It is only in a state of calm we are able to open ourselves up to see the vast riches of the universe available to us all.

 Calm Contemplation of Life

If you've been feeling off-balance lately or something has been bothering you that you just can't put your finger on--take a cue from Edwin's dog--still your mind and calm yourself before you open yourself up to look into the horizon.

When your mind is calmed, take a moment to reflect on how your choices today will create your life of tomorrow. Consider your current situation and what factors would create good or poor, pleasant or unpleasant outcomes down the road.

With a calmed mind, consider these perspectives and outcomes. Write a list of factors for each that contributed to the outcomes. Don't be afraid to look through the eyes of innocence and trust in yourself as you contemplate your future. You can make good and better choices.

Start with the End in Mind--What Choices Today Got You There?

Perspective 1: Looking five years down the road, you are still working for the same organization or still in an intimate relationship with the same person. What did the organization or your love interest do right to keep you? What does your life look like now?

Perspective 2: Looking five years down the road, you have left the relationship or organization. What happened? Why did you leave? What could they have done differently to keep you?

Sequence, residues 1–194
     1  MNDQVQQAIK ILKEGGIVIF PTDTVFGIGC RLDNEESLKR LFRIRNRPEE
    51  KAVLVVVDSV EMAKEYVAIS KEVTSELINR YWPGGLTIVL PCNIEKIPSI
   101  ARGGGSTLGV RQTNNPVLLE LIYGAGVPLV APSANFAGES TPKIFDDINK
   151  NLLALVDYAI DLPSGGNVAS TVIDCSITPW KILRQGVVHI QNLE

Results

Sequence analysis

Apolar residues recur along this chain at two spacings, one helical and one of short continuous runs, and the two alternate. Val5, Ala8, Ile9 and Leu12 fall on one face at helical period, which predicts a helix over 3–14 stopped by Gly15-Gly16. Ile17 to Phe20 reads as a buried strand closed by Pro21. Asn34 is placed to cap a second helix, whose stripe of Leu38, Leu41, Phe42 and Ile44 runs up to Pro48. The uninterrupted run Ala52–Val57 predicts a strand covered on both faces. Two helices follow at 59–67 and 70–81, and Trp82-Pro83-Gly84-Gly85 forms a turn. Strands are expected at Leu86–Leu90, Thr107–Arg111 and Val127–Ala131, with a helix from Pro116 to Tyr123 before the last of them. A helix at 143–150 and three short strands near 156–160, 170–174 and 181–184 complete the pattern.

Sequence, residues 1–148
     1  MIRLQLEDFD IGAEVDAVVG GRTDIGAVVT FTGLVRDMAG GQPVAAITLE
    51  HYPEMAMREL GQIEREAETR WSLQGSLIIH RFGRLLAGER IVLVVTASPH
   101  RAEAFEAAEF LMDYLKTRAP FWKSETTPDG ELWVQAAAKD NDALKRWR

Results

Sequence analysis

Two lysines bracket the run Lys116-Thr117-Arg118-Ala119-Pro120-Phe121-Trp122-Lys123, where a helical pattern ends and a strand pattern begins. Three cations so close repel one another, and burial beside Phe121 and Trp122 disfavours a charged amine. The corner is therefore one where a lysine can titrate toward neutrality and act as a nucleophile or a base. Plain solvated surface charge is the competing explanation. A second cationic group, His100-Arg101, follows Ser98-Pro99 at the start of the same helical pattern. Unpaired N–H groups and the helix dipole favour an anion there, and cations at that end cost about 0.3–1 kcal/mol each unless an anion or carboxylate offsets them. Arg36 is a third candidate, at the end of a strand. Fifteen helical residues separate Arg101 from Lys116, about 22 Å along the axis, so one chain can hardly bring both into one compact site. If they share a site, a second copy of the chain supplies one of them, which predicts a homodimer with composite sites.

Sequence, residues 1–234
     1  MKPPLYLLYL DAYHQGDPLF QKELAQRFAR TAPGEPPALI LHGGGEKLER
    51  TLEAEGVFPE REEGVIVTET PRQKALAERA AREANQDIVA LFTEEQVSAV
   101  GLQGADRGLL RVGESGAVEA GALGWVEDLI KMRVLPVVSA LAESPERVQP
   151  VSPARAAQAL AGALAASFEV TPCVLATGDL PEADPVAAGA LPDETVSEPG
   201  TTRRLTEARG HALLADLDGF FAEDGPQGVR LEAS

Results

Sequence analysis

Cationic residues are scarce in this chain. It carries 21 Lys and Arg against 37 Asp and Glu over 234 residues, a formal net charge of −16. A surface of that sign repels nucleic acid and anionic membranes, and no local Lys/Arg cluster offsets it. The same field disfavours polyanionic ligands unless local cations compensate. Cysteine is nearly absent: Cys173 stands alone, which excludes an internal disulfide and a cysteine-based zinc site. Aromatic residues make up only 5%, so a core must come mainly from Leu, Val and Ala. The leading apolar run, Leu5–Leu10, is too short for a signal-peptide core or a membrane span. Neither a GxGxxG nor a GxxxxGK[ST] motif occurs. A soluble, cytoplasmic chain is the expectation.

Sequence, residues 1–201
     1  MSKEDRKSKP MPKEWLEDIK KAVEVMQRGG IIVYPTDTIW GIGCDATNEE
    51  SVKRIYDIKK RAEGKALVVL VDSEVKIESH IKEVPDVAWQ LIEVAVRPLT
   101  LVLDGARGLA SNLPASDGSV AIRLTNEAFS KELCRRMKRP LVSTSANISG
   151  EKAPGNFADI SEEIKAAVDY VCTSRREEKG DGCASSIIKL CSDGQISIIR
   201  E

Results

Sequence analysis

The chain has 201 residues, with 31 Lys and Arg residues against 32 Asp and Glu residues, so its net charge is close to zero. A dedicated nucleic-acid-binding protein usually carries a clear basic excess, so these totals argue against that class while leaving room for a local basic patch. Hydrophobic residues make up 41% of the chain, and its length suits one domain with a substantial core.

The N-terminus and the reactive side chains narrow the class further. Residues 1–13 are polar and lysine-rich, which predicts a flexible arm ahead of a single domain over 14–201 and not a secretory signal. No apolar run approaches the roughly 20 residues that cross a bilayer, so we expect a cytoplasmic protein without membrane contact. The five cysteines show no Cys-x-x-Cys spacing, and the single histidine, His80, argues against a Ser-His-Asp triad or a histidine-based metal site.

Perspective 3: Looking five years down the road an issue you're struggling with right now has resolved in your favor. What does your life look like now? What made you choose the path you're now on? Why is your life better today than five years ago? What choices did you make to support a good life? What are you most proud of?

Perspective 4: Looking five years down the road you are unhappy about the choices you made. What different choices could you have made to end up with better outcomes?


Meet the Artist

 Edwin Tickner, 3rd Grader
 
 
The Dog Tile Art Project for the Jackson County Animal Shelter

Debi Blair's 3rd grade class at Walker Elementary school in Ashland, Oregon painted tiles to create a bright, cheerful entrance to the dog kennels at the Jackson County Animal Shelter. Their creative and fun spirits come through in their art. Come on down to the Shelter to see what a difference their tile art makes.

Sign Up for Free E-mail updates


For more than 30 years, Susan Meyerott has been helping people lighten up and step over invisible barriers to change one step at a time. She speaks to your heart, puts you at ease, and makes changing easier than ever before.